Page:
Kurds in Qamishli celebrate the defeat of ISIS in Raqqa in October. Photo: Delil Souleiman/AFP
ERBIL, Kurdistan Region – A Kurdish delegation from Rojava, northern Syria will likely participate in the latest Syrian peace effort in Sochi, Russia at the end of the month, but are doubtful about how much can be achieved, a senior Kurdish official has stated.
“Yes we are invited and we might take part in the show but it will not succeed,” Aldar Khalil, co-president of the executive body of the Movement for a Democratic Society (TEV-DEM), told Reuters.
He questioned how much could be accomplished with many delegates in a two-day conference to resolve the root causes of nearly seven years of civil war that has fractured the country.
TEV-DEM is the governing coalition in Rojava, the Kurdish-dominated self-autonomous enclave in northern Syria. The Democratic Union Party (PYD), the main party within TEV-DEM, has been excluded from the Geneva and Astana processes, at the insistence of Ankara.
Kurdish-led forces, backed by the United States and the global coalition, now control about a quarter of the country after ousting ISIS from Raqqa and areas of Deir ez-Zor province.
Dubbed the Syrian National Dialogue Congress, the meeting in Sochi will take place on January 29 and 30, hosted by Russia with Iran and Turkey.
Russian Foreign Minister Sergey Lavrov spoke with his Turkish and Iranian counterparts separately by phone on Friday to review preparations for the Sochi meeting and options for a political resolution to the Syrian civil war “under UN auspices,” according to the ministry.
While the three are planning the peace conference, Ankara has condemned “intensified attacks” in Idlib province by Syrian forces.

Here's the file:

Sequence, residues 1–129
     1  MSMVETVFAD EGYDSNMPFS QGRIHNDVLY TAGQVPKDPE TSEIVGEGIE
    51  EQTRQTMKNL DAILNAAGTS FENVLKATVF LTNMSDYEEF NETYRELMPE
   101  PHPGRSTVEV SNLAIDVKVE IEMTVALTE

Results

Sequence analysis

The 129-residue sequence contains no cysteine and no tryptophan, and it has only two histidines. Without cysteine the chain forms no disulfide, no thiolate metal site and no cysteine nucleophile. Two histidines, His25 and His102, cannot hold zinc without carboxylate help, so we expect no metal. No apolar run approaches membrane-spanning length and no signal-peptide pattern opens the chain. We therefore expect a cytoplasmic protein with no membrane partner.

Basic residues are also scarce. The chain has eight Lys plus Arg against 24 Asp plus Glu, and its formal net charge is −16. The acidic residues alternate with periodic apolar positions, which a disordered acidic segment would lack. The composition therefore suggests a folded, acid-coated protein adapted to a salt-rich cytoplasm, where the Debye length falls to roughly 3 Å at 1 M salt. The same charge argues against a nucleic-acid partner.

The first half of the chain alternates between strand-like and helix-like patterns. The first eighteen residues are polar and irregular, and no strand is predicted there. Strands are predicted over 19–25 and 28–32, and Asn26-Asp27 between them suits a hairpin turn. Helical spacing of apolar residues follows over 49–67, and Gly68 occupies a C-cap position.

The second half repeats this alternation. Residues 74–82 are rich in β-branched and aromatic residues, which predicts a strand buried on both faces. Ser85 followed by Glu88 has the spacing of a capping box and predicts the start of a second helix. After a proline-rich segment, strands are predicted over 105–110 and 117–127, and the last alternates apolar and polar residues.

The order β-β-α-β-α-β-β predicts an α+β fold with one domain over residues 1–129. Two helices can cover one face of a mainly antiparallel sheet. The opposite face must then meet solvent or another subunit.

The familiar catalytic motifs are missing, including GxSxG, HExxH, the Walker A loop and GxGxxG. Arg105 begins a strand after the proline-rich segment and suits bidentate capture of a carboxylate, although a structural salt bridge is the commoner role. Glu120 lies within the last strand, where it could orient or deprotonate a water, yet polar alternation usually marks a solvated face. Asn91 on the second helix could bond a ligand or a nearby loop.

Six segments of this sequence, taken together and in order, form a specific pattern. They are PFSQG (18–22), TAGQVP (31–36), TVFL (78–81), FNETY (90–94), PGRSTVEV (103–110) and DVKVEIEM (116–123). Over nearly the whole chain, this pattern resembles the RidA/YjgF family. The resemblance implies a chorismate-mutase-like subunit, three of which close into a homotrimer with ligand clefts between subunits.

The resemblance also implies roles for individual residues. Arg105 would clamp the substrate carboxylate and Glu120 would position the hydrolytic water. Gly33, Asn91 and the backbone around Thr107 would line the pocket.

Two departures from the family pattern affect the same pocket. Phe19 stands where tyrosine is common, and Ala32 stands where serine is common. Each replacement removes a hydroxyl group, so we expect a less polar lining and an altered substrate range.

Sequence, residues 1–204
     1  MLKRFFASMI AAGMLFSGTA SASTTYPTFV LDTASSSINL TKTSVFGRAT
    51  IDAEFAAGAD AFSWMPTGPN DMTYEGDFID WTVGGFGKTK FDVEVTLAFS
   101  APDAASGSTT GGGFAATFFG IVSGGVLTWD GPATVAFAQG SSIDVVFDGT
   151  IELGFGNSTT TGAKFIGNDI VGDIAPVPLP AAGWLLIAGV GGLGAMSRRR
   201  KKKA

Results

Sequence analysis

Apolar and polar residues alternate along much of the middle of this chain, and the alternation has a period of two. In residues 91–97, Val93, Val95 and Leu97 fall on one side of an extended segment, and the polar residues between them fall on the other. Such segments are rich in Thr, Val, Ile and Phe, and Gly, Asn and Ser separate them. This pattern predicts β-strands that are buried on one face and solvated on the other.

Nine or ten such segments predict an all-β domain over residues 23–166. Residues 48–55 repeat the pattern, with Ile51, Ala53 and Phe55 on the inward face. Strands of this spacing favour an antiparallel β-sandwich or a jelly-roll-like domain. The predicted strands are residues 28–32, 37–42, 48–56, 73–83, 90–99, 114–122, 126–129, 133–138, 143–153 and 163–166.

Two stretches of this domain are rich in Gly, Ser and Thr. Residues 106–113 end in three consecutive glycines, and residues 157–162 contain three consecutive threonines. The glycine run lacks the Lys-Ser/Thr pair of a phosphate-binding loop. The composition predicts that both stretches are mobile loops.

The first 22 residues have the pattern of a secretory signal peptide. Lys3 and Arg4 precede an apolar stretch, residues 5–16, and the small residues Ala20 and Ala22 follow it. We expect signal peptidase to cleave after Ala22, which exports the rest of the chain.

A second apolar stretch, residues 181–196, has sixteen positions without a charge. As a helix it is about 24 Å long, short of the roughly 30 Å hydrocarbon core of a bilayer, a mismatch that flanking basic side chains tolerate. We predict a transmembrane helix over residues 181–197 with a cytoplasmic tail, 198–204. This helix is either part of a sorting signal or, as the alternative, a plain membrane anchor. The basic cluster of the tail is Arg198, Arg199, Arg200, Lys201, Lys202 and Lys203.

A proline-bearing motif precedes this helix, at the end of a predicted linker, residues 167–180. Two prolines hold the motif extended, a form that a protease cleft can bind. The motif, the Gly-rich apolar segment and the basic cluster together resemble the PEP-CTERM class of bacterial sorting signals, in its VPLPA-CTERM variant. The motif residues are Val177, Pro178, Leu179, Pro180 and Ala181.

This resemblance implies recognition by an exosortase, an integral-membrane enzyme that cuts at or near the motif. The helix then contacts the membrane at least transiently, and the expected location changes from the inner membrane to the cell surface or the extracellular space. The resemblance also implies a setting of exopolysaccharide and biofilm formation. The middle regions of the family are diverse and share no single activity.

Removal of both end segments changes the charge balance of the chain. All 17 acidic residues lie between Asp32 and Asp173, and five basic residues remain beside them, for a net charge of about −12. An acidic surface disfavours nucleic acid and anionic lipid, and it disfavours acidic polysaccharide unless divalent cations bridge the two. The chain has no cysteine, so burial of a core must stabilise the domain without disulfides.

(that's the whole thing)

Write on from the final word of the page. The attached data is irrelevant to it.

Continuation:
“This only serves to hinder the peace talks,” Turkish Prime Minister Binali Yildirim told reporters on Friday, Anadolu reported.
The United Nations reported at least 85 civilian casualties
this year so far, partly due to a “rapidly-moving Government offensive” in Idlib, the UN’s human rights chief Zeid Ra’ad al-Hussein said this week.
Russia and Iran are key allies of Syrian President Bashar al-Assad, while Turkish President Recep Tayyip Erdogan has said Assad is a “terrorist” and must go.
Idlib was designated a de-escalation zone by Turkey, Russia, and Iran during the Astana process. Turkish forces have entered the province to establish observation posts in order to monitor a ceasefire in the province and to prevent Kurds from expanding their territory and possibly reaching the Mediterranean.
Ankara conflates Kurdish groups in northern Syria, PYD and the armed YPG, with the PKK, a named terror organization. Turkish President Recep Tayyip Erdogan has said several times that he will not allow a “terror corridor” along Turkey’s border.
Khalil predicted that the Syria conflict will continue until at least the end of Assad’s current presidential term in 2021. “Daesh [ISIS] might expand in other areas, and of course the Turks might try to stir up problems in some areas,” he said.
Saleh Moslem, former leader of the PYD and now a foreign relations official for TEV-DEM, agrees that Turkey’s role will make a difference to peace in the area.
“If Turkey doesn’t attempt any tricks, our area will have more calm,” he told local ANHA news.
Moslem warned Turkey against attacking Kurdish areas in Afrin, just north of Idlib. “The Kurdish people will rise up as a whole. It will be total warfare,” he said.
In the meantime, Khalil told Reuters, the Kurdish-led administration in northern Syria will continue to establish self-rule and will hold the third and final stage of elections at some point in the future.
Local officials announced earlier this month that parliamentary and congressional elections were postponed
in order to allow more time to prepare. Khalil said that one reason for the delay was to decide whether or not to hold the vote in areas recently liberated from ISIS.